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Understanding Momentum Crashes: Unveiling the 52-Week High

Last Updated on 11 September, 2023 by Samuelsson

Momentum trading is a popular and effective strategy utilized by investors to capitalize on the upward trends of stocks. However, researchers Suk-Joon Byun and Byoung-Hyun Jeon identified a phenomenon known as “momentum crashes,” which occur when the market rebounds from its lows. Despite extensive research on this issue, a comprehensive explanation for this phenomenon remained elusive until their groundbreaking study, “Momentum Crashes and the 52-Week High.”

Download the PDF here: Momentum Crashes and the 52-Week High

Momentum Crashes and the 52-week High

In their study titled “Momentum Crashes and the 52-week High,” Suk-Joon Byun and Byoung-Hyun Jeon investigate the phenomenon of momentum crashes during market rebounds. They discover a negative relationship between the proximity to the 52-week highs and subsequent returns, which is the underlying cause of momentum crashes. This relationship remains consistent across different risk-control measures, sample periods, and stocks analyzed. Byun and Jeon’s findings align with the sentiment-driven mispricing hypothesis, suggesting that market rebounds lead to increased investor sentiment and speculative demands, causing price run-ups for stocks far from their peaks. To address momentum crashes, they propose a near-high-neutral momentum strategy that overcomes the drawbacks of conventional strategies while maintaining profitability. The implications of their study extend globally, with the near-high-neutral strategy outperforming conventional approaches and reviving momentum profits in Japan, the U.K., and continental Europe.

Unraveling the Negative Relationship

Byun and Jeon’s study shed light on the negative relationship between proximity to the 52-week highs and subsequent returns. They found that momentum crashes are directly influenced by this relationship. Remarkably, this relationship held true across various risk-control measures, sample periods, and stocks examined in the study. Furthermore, it significantly contributed to the time-variation of momentum profits.

The Sentiment-Driven Mispricing Hypothesis

Among several potential explanations explored, Byun and Jeon’s empirical results aligned most closely with the sentiment-driven mispricing hypothesis proposed by Baker and Wurgler in 2007. According to this hypothesis, market rebounds trigger increased investor sentiment, resulting in a surge of speculative demands. Due to anchoring bias, these demands tend to concentrate on stocks that are far from their 52-week highs, causing their prices to rise substantially. Supporting this hypothesis, the study observed a rise in proxies for investment sentiment during market rebounds, as well as an increase in small trades among stocks that are far from their peaks. Interestingly, the outperformance of stocks far from their peaks is found to reverse in the long run.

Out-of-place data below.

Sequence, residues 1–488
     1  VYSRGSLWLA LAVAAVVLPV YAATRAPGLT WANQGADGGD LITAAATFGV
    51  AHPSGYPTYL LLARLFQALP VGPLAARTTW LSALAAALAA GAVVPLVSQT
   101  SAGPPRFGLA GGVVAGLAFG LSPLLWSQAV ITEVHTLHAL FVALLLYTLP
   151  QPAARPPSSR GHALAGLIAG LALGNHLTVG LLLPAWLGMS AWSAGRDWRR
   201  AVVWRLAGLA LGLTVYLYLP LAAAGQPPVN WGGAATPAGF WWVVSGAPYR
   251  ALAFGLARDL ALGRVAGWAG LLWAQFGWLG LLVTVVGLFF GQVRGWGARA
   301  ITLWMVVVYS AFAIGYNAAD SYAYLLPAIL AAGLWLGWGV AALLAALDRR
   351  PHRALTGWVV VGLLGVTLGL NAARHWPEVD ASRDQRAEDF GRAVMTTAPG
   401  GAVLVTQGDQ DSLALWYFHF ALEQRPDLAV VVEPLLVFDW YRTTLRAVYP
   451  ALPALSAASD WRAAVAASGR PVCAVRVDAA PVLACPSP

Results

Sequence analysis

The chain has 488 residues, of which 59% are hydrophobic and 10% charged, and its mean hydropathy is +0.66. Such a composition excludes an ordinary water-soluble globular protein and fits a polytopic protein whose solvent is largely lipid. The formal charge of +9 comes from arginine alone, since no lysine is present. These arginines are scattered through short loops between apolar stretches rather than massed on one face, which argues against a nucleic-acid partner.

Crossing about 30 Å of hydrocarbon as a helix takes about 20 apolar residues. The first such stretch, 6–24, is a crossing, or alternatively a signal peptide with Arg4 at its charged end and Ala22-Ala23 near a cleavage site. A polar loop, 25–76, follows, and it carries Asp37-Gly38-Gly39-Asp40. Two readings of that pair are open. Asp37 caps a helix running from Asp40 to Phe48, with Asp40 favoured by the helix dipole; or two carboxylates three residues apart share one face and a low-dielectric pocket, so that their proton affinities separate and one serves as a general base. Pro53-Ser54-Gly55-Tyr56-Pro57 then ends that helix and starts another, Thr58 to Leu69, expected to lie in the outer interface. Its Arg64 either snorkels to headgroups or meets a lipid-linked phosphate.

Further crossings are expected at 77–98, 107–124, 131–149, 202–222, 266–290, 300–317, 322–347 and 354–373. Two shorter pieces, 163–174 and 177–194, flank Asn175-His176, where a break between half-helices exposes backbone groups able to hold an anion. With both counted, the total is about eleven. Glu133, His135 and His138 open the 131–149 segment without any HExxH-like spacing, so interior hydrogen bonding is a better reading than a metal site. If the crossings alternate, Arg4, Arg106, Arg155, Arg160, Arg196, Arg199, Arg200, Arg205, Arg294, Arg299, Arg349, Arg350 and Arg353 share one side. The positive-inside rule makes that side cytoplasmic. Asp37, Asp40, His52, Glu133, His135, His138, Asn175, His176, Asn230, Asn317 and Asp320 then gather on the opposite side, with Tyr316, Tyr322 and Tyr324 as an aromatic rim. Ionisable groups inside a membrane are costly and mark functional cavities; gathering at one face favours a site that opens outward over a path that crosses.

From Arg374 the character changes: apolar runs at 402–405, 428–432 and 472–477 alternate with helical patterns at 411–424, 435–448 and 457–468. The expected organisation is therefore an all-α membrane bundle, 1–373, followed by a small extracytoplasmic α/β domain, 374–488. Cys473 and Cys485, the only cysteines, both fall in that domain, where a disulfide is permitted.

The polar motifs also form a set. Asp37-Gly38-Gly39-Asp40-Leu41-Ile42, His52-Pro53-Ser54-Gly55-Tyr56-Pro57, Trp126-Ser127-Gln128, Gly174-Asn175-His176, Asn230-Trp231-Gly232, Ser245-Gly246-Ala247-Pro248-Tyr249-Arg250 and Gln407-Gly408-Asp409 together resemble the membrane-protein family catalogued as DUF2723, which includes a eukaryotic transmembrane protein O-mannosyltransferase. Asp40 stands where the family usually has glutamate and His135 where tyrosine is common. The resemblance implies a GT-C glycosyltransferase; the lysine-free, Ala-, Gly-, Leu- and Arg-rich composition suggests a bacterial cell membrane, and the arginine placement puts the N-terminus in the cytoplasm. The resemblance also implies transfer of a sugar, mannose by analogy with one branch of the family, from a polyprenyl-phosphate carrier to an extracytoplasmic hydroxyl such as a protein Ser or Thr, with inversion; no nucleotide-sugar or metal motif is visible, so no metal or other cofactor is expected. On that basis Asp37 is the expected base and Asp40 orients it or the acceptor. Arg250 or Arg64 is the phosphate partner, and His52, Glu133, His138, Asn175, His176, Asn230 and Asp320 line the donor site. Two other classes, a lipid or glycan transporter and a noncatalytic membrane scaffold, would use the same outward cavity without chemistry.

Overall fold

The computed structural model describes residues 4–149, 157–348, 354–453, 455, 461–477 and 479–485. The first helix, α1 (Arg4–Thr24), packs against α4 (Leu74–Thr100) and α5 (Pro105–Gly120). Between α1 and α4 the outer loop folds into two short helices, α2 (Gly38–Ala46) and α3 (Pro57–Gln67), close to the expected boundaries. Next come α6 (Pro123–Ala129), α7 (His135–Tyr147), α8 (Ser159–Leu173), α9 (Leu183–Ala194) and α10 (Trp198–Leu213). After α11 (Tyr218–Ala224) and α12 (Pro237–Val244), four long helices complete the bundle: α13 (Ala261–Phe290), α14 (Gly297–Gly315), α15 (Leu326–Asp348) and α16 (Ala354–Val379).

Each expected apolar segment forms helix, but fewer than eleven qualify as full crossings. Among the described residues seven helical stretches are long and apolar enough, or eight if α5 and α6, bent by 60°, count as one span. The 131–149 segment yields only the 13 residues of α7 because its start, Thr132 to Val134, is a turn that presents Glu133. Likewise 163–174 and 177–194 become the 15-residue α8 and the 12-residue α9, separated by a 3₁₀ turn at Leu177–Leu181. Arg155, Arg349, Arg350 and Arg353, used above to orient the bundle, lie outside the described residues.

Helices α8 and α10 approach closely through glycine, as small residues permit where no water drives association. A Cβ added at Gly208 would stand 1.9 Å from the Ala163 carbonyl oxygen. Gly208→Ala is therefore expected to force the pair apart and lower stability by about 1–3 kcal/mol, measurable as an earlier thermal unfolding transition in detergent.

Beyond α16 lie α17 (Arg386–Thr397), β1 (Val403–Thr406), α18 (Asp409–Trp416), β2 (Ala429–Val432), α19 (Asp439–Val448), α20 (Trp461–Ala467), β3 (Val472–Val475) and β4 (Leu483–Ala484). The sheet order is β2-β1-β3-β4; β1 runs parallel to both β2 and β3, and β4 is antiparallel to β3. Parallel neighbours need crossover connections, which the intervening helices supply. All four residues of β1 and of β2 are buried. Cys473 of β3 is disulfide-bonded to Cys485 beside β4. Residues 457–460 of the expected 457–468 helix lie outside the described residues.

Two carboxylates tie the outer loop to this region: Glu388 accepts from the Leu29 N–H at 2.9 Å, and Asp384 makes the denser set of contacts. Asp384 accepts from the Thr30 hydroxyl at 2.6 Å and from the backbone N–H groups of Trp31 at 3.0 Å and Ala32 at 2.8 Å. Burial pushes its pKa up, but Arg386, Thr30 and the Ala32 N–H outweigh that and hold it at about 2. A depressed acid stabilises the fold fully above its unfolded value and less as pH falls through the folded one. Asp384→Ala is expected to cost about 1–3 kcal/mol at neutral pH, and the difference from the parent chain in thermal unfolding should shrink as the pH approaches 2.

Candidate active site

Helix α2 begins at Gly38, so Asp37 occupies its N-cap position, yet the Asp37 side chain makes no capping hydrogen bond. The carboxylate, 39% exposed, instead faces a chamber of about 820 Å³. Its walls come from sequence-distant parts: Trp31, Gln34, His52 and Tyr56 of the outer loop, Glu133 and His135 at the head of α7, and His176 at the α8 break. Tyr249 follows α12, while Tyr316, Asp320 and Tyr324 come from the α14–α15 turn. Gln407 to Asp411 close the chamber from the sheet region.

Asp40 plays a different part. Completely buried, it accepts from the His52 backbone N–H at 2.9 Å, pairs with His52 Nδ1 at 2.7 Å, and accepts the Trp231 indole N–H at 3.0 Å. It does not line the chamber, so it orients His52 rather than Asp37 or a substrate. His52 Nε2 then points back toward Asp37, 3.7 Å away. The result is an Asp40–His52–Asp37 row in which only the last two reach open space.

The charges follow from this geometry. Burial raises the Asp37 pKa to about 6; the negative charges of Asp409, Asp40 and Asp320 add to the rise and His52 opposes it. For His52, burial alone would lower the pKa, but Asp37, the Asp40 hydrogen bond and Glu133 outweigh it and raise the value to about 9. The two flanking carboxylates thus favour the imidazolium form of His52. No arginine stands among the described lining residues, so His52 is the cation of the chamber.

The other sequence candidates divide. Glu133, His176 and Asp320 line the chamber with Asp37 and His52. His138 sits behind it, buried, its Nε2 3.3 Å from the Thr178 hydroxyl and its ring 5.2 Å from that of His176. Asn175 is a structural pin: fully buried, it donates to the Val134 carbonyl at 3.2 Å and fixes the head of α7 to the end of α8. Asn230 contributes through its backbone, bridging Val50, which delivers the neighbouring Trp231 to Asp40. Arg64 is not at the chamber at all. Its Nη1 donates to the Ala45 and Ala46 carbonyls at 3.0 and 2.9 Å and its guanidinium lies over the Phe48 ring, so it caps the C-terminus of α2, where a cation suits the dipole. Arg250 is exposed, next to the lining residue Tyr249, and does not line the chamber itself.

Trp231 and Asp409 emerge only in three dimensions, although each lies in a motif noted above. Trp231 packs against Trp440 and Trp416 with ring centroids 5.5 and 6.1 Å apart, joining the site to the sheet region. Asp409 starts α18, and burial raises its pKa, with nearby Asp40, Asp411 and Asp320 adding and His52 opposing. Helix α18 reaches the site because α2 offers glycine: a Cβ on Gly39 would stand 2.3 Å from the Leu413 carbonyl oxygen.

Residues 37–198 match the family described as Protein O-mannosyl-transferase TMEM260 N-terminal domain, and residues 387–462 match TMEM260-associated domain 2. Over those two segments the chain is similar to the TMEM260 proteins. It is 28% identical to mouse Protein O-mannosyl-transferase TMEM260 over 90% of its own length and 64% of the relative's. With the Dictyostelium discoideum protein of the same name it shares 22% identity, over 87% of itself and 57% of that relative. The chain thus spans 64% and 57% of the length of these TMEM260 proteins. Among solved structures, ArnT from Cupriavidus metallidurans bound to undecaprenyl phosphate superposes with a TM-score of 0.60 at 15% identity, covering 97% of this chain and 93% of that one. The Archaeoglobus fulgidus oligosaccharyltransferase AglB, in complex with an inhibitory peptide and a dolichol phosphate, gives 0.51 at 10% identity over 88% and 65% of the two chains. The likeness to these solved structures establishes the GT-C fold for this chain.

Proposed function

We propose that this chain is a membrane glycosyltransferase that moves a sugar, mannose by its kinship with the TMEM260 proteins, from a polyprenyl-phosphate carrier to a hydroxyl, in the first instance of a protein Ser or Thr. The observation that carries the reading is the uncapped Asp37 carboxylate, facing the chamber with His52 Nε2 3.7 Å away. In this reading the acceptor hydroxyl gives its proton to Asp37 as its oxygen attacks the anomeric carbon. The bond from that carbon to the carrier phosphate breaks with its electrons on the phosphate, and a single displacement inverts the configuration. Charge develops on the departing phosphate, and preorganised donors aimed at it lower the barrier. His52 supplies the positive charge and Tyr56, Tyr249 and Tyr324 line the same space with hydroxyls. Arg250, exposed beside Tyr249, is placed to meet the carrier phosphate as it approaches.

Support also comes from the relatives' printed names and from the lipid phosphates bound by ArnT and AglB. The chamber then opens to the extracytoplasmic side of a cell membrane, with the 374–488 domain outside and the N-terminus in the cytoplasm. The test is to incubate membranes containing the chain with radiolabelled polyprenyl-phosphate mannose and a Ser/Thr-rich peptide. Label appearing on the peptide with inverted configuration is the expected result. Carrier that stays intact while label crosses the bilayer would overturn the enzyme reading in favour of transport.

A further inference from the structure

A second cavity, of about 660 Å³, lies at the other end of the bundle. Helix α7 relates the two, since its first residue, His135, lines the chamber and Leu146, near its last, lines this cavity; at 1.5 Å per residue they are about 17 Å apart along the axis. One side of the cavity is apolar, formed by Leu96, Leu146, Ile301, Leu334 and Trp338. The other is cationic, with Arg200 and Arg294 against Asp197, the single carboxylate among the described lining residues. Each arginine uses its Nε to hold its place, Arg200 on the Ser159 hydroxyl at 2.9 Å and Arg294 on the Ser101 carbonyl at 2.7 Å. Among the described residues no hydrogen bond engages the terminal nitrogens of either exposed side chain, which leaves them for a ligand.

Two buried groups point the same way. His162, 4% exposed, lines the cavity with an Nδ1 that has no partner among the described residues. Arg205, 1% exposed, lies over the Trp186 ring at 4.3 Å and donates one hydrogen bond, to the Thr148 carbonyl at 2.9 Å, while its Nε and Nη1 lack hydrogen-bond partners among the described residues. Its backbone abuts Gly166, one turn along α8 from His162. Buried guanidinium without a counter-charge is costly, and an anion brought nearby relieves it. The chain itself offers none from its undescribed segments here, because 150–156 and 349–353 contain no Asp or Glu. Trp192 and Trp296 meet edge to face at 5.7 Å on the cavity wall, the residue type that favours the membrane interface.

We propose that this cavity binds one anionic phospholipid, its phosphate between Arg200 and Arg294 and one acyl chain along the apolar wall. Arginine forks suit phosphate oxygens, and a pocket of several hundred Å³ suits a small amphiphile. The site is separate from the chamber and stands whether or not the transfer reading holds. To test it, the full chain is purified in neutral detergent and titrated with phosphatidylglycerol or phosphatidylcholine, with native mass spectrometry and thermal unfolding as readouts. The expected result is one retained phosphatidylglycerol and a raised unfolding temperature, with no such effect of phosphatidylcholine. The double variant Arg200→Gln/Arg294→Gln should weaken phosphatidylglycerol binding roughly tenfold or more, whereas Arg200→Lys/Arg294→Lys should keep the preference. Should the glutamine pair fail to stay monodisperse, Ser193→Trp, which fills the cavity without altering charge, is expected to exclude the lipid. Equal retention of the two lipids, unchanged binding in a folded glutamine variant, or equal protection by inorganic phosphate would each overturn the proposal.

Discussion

Designing a Near-High-Neutral Momentum Strategy

Based on the understanding that the proximity to the 52-week high drives momentum crashes, Byun and Jeon devised a near-high-neutral momentum strategy. This strategy successfully addresses the disadvantages associated with conventional momentum strategies, such as high volatility, negative skewness, large negative minimum returns, and pro-cyclicality. Most importantly, unlike the conventional approach, the near-high-neutral momentum strategy maintains its profitability while mitigating the negative impact of market rebounds.

Generalizability and Global Implications

The findings of Byun and Jeon’s study can be generalized to international equity markets. Analyzing markets in Japan, the U.K., and continental Europe, the researchers observed that the conventional momentum strategy consistently yielded negative returns during market rebounds. However, by neutralizing the effect of nearness to the 52-week high, the near-high-neutral momentum strategy reversed this trend and outperformed the conventional strategy across all three markets. Remarkably, the near-high-neutral strategy even revived momentum profits in Japan.


Byun and Jeon’s study provides a comprehensive explanation for the occurrence of momentum crashes during market rebounds. Their findings highlight the negative relationship between proximity to the 52-week high and subsequent returns, linking it to the reversal of momentum profits. The study’s alignment with the sentiment-driven mispricing hypothesis further supports the role of investor sentiment in driving these crashes. Importantly, the near-high-neutral momentum strategy introduced in the study presents a promising alternative that preserves profitability while mitigating the downsides associated with conventional momentum strategies. With its generalizability to international equity markets, this research contributes significantly to our understanding of momentum crashes and their implications for investors worldwide.

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